MARKETING INSIGHT AND THE CUSTOMER FEEDBACK LOOP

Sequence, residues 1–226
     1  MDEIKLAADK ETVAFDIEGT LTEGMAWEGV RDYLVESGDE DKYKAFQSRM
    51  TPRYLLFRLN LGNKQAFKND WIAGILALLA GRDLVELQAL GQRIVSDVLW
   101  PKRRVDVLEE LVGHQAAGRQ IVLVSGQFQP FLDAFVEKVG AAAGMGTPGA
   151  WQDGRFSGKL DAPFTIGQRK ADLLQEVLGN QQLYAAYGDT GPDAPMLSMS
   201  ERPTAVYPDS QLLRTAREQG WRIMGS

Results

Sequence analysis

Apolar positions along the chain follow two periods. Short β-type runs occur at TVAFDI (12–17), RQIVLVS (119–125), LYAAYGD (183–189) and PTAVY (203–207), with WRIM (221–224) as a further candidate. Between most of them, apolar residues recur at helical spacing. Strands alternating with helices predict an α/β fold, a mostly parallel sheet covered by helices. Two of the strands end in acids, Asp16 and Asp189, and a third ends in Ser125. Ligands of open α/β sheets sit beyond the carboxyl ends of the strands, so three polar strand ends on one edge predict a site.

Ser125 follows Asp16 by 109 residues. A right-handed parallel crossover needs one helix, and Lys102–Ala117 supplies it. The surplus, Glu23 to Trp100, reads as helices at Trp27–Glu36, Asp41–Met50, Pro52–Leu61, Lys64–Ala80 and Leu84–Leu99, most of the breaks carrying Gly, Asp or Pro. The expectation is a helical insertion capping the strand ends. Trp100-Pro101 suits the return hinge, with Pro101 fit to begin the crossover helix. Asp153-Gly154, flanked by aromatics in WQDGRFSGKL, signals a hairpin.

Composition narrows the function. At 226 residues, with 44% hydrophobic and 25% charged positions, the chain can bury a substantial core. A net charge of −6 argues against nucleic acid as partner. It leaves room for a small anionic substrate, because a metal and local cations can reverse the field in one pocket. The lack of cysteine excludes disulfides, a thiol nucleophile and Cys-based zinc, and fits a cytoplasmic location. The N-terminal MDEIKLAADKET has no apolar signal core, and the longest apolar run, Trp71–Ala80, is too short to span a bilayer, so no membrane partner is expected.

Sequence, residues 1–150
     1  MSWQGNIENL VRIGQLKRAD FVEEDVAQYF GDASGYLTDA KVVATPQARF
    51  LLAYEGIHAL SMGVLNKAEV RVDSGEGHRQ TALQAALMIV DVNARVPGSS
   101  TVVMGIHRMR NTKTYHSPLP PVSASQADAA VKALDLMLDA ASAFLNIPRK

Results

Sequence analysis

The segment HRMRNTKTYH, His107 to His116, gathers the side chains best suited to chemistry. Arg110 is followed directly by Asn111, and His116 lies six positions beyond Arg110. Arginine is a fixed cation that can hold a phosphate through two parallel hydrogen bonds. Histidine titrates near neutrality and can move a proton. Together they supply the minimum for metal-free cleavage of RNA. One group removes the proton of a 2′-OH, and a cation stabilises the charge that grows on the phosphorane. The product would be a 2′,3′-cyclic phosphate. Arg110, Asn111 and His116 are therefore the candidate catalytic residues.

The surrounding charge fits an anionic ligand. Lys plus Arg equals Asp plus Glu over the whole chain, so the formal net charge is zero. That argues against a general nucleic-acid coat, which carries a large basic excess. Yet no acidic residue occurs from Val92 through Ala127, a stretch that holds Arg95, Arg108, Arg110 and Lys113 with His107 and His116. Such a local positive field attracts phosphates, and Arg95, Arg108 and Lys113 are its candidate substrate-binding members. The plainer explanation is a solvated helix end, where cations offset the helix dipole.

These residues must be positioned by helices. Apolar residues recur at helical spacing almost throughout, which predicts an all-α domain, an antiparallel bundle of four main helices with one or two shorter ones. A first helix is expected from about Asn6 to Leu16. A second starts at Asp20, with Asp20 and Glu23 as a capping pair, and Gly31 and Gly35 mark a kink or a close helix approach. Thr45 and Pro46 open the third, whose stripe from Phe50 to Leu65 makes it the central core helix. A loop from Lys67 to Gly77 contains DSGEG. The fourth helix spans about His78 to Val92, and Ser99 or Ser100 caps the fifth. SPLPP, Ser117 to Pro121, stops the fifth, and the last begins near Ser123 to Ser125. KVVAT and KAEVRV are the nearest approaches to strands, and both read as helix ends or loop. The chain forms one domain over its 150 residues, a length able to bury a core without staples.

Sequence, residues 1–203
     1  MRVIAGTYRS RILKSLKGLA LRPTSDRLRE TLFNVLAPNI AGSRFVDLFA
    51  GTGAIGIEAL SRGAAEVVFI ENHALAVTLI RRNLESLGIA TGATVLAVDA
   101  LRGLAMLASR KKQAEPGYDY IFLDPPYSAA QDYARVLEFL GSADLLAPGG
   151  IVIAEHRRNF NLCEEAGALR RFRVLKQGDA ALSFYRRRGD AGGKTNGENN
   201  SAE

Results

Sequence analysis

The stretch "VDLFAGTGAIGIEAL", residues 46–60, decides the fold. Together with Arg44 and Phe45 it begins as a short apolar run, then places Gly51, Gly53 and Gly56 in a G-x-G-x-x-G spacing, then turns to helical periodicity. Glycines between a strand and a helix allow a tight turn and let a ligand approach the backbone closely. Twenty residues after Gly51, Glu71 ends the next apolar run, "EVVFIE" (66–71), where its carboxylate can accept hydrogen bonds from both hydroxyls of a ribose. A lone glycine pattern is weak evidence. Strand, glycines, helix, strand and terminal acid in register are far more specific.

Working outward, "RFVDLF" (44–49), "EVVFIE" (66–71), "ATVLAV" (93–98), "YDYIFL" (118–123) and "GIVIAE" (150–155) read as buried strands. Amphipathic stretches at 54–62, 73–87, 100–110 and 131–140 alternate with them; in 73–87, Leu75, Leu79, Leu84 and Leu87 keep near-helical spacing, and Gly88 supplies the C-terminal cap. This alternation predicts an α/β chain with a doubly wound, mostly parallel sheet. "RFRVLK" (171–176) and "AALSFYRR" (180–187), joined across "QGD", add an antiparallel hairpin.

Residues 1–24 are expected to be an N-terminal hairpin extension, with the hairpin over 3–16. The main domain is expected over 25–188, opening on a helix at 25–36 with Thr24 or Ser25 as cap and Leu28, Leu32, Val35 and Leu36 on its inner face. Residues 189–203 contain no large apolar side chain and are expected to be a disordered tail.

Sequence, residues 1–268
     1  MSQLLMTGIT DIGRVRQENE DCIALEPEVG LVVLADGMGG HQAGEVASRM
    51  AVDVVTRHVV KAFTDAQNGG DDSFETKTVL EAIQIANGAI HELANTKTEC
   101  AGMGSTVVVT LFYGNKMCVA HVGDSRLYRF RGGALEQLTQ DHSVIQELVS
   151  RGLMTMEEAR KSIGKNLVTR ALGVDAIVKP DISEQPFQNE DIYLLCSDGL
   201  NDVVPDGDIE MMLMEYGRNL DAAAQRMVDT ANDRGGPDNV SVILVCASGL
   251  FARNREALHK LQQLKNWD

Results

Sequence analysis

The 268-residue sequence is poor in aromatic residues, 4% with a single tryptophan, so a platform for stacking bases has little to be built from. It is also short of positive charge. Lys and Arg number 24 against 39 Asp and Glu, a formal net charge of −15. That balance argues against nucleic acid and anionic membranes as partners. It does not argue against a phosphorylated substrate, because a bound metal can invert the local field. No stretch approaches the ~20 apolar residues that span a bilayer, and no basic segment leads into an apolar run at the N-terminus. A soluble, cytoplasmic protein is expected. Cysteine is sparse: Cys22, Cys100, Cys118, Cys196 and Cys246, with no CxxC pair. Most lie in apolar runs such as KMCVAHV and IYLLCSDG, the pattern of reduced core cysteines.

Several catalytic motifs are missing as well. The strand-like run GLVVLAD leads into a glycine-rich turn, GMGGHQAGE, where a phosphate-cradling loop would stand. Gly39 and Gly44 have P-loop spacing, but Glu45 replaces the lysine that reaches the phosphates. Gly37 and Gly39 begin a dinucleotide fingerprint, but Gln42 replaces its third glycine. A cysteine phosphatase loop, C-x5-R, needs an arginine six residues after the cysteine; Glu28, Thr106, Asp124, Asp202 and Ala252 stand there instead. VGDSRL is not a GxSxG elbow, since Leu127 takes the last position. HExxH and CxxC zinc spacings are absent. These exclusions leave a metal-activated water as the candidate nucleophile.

Marketing Insight And The Customer Feedback Loop